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Undercurrent of Urgency in `Day of Citizenship'

Angered by rhetoric in Congress and anxious about the future, immigrants endure long lines in Los Angeles to get the process started.

July 02, 2006|Jeffrey L. Rabin | Times Staff Writer

Several thousand legal immigrants stood in line for hours Saturday in Los Angeles to take the first step toward becoming citizens of the United States.

Angered by the anti-immigrant rhetoric emanating from a Republican-dominated Congress, they converged on the Los Angeles Convention Center to apply for citizenship.

The Day of Citizenship event, organized by the We Are America Alliance, a national coalition of labor, religious and community groups, was designed to assist legal immigrants in becoming citizens and registering to vote.

An estimated 2,800 immigrants, many of whom have lived in the U.S. legally for years, endured the long lines to start the citizenship process. In workshops held in English, Spanish and Korean languages, volunteers guided them step by step to complete and file formal applications to become American citizens.

By the end of the day, 1,800 people had paid $400 each to apply for citizenship, according to Mary Gutierrez, spokeswoman for the Los Angeles County Federation of Labor, one of the event's sponsors.

Lourdes Flores-Vasquez of La Habra Heights came to California from Mexico in 1976. Although she has a green card and is a legal permanent resident, she hadn't applied for U.S. citizenship until now. "I want to be part of the changes," she said Saturday.

Flores-Vasquez, an auditor for Los Angeles County, said the daughter of her best friend sent her an e-mail from Thailand telling her to show up Saturday.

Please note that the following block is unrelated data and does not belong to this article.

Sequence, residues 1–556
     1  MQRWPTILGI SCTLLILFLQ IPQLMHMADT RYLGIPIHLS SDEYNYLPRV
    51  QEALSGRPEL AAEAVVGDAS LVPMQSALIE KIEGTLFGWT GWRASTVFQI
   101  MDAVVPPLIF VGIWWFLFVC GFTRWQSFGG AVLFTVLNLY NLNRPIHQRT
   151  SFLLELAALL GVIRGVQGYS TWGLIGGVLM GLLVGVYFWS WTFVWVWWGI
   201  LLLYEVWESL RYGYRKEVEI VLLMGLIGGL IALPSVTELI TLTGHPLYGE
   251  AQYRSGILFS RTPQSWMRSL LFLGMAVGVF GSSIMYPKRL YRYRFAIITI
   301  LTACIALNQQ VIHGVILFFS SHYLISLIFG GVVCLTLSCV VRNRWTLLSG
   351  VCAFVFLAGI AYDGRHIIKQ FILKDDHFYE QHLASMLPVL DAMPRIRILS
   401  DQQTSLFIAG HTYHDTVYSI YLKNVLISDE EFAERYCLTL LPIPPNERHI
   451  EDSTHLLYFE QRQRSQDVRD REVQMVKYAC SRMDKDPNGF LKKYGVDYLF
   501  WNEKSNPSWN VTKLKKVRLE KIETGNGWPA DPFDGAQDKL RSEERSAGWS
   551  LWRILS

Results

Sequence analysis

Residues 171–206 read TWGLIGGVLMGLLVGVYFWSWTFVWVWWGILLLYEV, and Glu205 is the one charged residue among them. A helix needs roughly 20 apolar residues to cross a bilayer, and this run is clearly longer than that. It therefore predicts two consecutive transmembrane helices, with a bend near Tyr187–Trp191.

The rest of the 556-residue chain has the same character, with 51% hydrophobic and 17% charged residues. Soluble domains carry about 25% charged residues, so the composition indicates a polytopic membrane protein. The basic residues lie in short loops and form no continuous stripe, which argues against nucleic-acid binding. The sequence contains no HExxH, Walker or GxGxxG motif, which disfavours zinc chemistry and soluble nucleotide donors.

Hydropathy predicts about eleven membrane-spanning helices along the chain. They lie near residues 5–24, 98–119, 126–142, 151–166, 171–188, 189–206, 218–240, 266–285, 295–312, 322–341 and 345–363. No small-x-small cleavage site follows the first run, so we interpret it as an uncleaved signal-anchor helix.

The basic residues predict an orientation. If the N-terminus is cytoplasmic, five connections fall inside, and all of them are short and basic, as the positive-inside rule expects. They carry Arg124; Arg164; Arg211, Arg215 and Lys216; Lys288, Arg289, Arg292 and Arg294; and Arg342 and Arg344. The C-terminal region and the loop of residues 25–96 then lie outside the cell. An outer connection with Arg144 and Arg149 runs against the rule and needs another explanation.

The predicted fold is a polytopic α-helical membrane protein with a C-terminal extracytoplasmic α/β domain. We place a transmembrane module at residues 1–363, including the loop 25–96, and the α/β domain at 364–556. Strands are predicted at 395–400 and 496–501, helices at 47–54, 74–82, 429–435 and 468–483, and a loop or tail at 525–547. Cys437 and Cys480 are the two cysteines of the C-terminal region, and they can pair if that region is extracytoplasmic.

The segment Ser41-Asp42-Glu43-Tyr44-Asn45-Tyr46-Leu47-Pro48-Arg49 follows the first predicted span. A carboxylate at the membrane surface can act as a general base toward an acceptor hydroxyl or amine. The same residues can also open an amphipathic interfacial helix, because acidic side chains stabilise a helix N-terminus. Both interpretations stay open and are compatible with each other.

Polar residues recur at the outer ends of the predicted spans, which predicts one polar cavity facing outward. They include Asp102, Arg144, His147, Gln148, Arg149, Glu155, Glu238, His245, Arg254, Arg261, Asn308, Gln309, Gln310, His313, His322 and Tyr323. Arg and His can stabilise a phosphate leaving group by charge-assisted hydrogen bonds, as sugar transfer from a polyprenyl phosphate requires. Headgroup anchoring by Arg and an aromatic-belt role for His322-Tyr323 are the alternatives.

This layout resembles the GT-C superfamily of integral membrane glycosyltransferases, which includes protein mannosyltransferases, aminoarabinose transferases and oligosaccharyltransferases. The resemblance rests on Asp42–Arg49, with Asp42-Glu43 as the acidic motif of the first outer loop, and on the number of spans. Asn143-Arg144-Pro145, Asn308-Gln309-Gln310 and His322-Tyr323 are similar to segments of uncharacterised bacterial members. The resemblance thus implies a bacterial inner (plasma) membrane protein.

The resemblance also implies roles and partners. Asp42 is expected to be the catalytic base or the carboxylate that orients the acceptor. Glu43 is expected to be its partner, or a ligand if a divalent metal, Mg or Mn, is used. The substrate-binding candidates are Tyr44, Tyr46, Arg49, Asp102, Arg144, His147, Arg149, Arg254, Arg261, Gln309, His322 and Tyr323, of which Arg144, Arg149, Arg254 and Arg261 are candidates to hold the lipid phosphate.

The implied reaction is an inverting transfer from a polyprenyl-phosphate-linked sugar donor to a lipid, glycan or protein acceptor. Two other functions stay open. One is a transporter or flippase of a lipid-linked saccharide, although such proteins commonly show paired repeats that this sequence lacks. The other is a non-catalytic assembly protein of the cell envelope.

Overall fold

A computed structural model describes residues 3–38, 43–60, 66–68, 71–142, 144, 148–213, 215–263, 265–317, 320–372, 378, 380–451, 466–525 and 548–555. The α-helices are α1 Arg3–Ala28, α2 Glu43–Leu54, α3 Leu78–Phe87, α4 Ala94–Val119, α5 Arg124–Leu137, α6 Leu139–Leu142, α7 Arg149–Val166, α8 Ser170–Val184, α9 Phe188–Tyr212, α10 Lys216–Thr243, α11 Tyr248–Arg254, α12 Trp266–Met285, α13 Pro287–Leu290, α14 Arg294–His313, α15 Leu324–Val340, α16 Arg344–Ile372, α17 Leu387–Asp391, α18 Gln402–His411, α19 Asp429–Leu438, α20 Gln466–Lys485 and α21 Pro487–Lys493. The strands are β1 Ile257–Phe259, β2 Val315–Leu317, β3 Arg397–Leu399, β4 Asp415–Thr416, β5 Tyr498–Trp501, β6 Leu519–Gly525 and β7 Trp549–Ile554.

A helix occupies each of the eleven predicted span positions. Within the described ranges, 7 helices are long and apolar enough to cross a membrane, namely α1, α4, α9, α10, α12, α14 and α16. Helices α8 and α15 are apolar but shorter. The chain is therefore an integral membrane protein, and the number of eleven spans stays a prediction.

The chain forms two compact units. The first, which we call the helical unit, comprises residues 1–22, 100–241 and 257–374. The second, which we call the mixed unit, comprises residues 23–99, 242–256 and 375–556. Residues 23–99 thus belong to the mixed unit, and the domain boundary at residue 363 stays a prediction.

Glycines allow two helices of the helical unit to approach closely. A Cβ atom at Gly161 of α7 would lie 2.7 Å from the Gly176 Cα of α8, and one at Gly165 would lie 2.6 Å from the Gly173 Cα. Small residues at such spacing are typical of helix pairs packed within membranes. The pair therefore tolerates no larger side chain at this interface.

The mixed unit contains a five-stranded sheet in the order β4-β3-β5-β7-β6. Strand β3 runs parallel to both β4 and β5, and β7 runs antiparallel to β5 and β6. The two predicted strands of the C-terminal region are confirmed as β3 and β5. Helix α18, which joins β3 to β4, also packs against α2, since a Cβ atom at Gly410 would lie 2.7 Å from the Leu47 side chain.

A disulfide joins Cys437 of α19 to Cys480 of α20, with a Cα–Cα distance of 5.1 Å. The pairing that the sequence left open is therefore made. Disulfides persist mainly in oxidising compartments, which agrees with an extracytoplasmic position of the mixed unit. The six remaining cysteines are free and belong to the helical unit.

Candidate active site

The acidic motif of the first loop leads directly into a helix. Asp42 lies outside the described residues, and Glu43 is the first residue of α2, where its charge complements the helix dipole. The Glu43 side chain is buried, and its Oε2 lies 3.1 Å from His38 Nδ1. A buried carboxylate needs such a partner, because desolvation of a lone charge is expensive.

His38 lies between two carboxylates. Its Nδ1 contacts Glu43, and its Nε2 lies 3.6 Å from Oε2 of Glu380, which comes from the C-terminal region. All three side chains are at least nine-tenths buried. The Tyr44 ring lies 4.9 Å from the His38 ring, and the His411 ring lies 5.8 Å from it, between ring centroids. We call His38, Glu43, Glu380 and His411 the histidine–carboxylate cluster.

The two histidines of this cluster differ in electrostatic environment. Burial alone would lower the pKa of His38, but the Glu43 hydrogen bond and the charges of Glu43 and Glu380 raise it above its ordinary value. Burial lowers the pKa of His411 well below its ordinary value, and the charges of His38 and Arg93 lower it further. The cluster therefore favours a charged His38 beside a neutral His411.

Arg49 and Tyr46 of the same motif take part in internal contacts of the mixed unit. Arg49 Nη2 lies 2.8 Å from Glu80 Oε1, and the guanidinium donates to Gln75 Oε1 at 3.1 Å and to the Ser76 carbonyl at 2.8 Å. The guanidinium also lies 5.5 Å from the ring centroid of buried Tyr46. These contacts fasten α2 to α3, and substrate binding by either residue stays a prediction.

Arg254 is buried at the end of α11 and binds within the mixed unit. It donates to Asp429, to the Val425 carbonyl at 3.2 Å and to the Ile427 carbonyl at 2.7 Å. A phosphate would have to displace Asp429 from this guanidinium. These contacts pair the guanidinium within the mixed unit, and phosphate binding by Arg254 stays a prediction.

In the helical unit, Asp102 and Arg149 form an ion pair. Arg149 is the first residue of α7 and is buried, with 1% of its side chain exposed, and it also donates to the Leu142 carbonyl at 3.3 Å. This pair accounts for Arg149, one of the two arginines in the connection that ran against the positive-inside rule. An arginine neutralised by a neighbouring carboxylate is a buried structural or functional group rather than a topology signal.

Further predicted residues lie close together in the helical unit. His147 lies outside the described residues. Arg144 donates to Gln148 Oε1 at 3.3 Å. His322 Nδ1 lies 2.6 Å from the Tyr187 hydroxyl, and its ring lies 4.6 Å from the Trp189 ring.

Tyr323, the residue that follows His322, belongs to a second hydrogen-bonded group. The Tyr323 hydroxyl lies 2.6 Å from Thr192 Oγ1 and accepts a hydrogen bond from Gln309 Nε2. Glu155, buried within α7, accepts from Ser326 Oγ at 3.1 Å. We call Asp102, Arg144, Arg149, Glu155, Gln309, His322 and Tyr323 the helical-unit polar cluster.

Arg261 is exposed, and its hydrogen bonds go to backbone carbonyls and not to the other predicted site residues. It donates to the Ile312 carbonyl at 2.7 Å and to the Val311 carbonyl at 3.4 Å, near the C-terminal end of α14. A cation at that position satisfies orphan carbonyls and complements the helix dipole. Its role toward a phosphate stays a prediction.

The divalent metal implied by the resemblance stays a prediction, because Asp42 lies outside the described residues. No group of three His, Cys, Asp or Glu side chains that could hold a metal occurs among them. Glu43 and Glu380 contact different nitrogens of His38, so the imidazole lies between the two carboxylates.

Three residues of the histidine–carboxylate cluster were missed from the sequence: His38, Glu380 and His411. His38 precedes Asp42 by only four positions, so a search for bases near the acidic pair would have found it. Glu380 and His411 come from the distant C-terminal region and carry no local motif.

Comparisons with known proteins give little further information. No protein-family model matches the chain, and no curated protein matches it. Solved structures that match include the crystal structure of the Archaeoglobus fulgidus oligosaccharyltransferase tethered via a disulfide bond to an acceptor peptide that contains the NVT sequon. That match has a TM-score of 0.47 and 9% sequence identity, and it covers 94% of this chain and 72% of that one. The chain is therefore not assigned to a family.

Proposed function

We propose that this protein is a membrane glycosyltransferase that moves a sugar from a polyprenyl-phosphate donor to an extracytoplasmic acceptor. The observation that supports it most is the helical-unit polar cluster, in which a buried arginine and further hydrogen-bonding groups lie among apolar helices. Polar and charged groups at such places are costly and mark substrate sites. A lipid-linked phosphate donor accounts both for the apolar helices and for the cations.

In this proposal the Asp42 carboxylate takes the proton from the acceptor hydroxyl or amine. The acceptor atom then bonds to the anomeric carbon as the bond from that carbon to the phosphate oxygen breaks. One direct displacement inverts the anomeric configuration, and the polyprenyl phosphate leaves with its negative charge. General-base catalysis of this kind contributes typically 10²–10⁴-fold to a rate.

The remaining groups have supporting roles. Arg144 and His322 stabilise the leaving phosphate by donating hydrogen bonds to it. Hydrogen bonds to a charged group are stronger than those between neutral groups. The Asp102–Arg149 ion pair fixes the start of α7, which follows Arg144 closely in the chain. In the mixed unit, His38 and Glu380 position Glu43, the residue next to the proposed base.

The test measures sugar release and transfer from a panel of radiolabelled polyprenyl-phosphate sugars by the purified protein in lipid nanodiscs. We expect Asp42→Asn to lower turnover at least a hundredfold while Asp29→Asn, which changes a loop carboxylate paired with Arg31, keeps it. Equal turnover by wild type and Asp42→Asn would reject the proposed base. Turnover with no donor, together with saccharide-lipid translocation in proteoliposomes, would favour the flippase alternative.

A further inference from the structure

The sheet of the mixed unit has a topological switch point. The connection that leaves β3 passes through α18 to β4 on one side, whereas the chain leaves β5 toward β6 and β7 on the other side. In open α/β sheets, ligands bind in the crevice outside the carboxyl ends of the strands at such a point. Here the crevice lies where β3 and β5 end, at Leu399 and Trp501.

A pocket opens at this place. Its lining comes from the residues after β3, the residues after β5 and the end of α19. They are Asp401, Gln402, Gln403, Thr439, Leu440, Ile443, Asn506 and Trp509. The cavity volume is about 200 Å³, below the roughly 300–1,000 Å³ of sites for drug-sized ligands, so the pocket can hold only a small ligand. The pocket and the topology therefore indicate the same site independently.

Luz Raygoza of Chino Hills came to the U.S. from Mexico four years ago. "I want to be part of this country," she said. "I want to be in a position to vote ... and have all the rights that everybody has."

Raygoza was accompanied by her husband, Antonio, and sons, Jose, 4, and Gabriel, 2. They are U.S. citizens, but she is not.

Her husband, a resident of the U.S. for about 20 years, operates his own business that sells Hispanic foods and beverages to restaurants and supermarkets. "This country offers an open hand to everybody to prosper," she said.

Melvin Jackson and his wife, Manuela, came from Rialto in San Bernardino County so she could apply for citizenship.

Manuela said she came to California from Sonora, Mexico, more than 20 years ago. She now wants to become a citizen "to have more freedom."

She said she is afraid that things are going to get worse for immigrants, even if they entered the U.S. legally.

Israel Morales came to California 14 years ago from Guatemala. His wife, Miriam, and 12-year-old daughter, Ashley, are American citizens.

Ashley said her father, a machine operator, wants to become a citizen so he'll have more rights and can "live peacefully."

Hyun Lee, 76, of Rancho Cucamonga was also applying for citizenship. She has been in the U.S. for almost 20 years.

Her son-in-law said Koreans like Lee are very nervous that it may become more difficult to receive benefits, such as Medicare, in the next few years if they are not U.S. citizens.

Saturday's event in Los Angeles was one of a number of citizenship or voter-registration meetings held from coast to coast to launch what organizers call "Democracy Summer."

Angela Sanbrano, executive director of the Central American Resource Center, said the Los Angeles event is part of "a coordinated effort to strengthen the political power of the immigrant community at the ballot box. We are doing this by naturalizing eligible permanent residents, registering people, and mobilizing 1 million new voters for the elections" this fall.

Mayor Antonio Villaraigosa joined local members of the Congressional Hispanic Caucus -- Reps. Xavier Becerra and Lucille Roybal-Allard of Los Angeles and Linda Sanchez of Lakewood -- at a news conference outside the event.

"At a time in America when some would demonize and criminalize immigrants," Villaraigosa said, "it's important that those legal residents who are here, who are eligible to become citizens, become citizens and get their voices heard."

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